Piano, Pianissimo – About Teaching

I find it hard to pass that piano without touching it. © Charles Thibo
I find it hard to pass that piano without touching it. © Charles Thibo

A year ago, I decided to start learning to play the piano – after mulling over this secret wish for many years. I am extremely motivated and that’s why I am sorry to realize that over the past 200 years, piano lessons have been a headache for pupils and teachers alike. At least that is the impression I get from reading biographies of composers. All complain about untalented, unmotivated and/or undisciplined pupils, while the pupils themselves lament over monotonous lessons and uninspired teachers. In the 18th and 19th century, many composers had to earn their living by giving lessons. This was not exactly the best motivation, I guess. Today however, music schools produce dedicated teachers with at least some pedagogical training, training material is abundant, and it still seems to be hard to motivate pupils to stick with their lessons.

The Russian composer Pyotr Tchaikovsky wrote in April 1878 in a letter to his patron Nadezhda von Meck, that there were few pieces suited for teaching a young pianist, and that he would embark on composing some of his own. He had retreated to a cottage in Kamenka (in today’s Ukraine) to find some peace as he was going through a difficult time. While being gay, he had married a woman he didn’t love and was now in the middle of a murky divorce. Nevertheless Tchaikovsky managed to write in July 1878 Op. 39 “Children’s Album”, a collection of short piano pieces, very pleasant to the ear and meant as teaching material. The pieces are not that easy, if you’re asking me, but then again Tchaikovsky had a different standard as he was a precocious pupil himself. Following the fashion  of the time and with explicit references to the German composer Robert Schumann, he gave the different pieces catchy titles. My all time favourite of this cycle is No. 18 “Neapolitan Dance-Tune”. Other gems are “Winter morning”, “Dolly is poorly”, “Russian Song”, “Italian Ditty” and the “Walzer”. And I am looking forward to the moment when I will feel ready to play some of those pieces. I will celebrate that day with a bottle of champagne!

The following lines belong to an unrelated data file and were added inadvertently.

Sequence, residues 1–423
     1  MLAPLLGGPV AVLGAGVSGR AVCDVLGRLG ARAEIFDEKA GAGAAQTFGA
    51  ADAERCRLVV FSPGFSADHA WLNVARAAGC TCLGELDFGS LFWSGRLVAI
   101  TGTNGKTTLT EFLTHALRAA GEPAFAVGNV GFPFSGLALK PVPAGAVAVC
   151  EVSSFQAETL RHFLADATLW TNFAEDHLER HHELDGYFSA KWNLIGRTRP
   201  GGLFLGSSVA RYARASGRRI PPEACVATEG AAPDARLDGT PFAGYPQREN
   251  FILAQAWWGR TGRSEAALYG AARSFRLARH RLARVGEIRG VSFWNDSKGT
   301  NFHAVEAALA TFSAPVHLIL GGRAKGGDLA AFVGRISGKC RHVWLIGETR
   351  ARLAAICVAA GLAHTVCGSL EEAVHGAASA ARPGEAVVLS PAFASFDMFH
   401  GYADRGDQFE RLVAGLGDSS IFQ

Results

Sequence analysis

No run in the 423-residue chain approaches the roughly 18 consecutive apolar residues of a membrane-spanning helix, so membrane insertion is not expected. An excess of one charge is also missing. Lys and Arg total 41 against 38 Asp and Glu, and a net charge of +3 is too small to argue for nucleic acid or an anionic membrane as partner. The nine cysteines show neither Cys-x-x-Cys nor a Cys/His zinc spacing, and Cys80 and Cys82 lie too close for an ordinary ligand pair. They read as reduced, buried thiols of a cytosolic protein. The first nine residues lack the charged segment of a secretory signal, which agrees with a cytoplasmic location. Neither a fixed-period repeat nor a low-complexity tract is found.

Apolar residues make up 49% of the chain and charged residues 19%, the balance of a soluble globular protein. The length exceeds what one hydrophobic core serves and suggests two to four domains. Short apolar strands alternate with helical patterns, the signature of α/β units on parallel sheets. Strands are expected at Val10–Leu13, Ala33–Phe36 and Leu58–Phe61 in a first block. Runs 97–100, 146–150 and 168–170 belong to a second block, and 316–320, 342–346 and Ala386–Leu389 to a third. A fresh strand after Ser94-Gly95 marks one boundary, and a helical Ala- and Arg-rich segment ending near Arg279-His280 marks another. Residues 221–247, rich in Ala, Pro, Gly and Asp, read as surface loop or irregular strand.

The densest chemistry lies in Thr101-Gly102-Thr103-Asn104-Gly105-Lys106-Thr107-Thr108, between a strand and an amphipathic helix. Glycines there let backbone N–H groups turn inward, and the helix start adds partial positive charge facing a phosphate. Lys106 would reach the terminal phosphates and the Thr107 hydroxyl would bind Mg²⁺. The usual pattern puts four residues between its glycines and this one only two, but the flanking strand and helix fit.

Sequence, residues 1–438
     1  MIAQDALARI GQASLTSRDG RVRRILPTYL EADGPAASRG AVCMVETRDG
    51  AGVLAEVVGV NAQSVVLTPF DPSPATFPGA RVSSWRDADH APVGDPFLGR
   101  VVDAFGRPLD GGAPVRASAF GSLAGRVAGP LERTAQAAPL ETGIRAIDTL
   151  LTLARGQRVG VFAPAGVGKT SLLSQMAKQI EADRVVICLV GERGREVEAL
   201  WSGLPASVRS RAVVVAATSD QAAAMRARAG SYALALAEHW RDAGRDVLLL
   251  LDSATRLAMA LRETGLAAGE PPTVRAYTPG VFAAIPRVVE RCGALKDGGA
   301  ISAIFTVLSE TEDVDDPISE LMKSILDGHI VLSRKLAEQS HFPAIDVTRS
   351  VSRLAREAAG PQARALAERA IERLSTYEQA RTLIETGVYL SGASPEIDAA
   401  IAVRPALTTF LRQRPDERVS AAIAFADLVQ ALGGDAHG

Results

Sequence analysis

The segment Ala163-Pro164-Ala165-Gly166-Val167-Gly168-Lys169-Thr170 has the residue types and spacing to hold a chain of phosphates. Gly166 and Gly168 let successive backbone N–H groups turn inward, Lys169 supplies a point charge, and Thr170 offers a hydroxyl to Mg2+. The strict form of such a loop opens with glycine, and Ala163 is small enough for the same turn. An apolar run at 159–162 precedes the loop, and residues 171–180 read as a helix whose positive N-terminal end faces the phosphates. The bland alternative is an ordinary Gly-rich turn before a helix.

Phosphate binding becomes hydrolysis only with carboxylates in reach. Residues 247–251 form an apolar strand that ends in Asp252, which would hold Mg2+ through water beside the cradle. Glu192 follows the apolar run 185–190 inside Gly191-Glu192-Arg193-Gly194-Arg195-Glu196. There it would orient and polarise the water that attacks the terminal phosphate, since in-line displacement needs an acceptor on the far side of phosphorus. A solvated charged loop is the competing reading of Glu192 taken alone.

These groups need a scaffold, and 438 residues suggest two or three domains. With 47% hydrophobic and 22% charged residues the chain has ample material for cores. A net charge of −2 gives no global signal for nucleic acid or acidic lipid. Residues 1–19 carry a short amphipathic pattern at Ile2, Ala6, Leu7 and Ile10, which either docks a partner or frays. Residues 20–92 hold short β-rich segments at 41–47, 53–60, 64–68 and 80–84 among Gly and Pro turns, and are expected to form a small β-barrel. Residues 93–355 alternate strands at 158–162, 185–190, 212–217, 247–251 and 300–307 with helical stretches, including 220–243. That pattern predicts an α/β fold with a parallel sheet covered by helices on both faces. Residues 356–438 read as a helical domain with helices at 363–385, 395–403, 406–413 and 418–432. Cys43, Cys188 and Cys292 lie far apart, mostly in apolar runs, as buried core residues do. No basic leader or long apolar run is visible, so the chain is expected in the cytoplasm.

Tchaikovsky dedicated his “Children’s Album” to Vladimir Davydov, his 7-year-old nephew. “Bob”, as Tchaikovsky used to call him, was the son of his sister Aleksandra and was taught by him while he stayed in Kamenka, where Aleksandra and her husband had a cottage. The Davydovs were considered by Tchaikovsky as his true family, and “Bob” became Tchaikovsky’s confidant after the composer had lost the financial and emotional support of Mrs. von Meck. “Bob” suffered a sorry fate though: He became a morphine addict and at the age of 31 he committed suicide, 13 years after Tchaikovsky’s death.

I’ll close this post with a rough translation of part of the mentioned letter to Mrs. von Meck: “How happy I am to be an artist! In a sad era like the present one, art alone can distract us from the severe reality. Sitting at the piano in my hut, I am totally isolated from all the painful issues gravitating around us. Am I selfish? Everyone serves the common good in his own way. Art, in my opinion, satisfies an essential need of humanity. Outside the scope of my music, I am unable to serve the common good.”

Now, if you want to listen to some of the pieces of Op. 39, here’s a link to Youtube: https://www.youtube.com/watch?v=vy3pMQ-jLDA

The recording that I prefer is the one made by the Claudio Colombo in 2011.

© Charles Thibo

Published by

de Chareli

Writer, photographer, piano student, music enthusiast. And a lot more. You are welcome to follow my blog.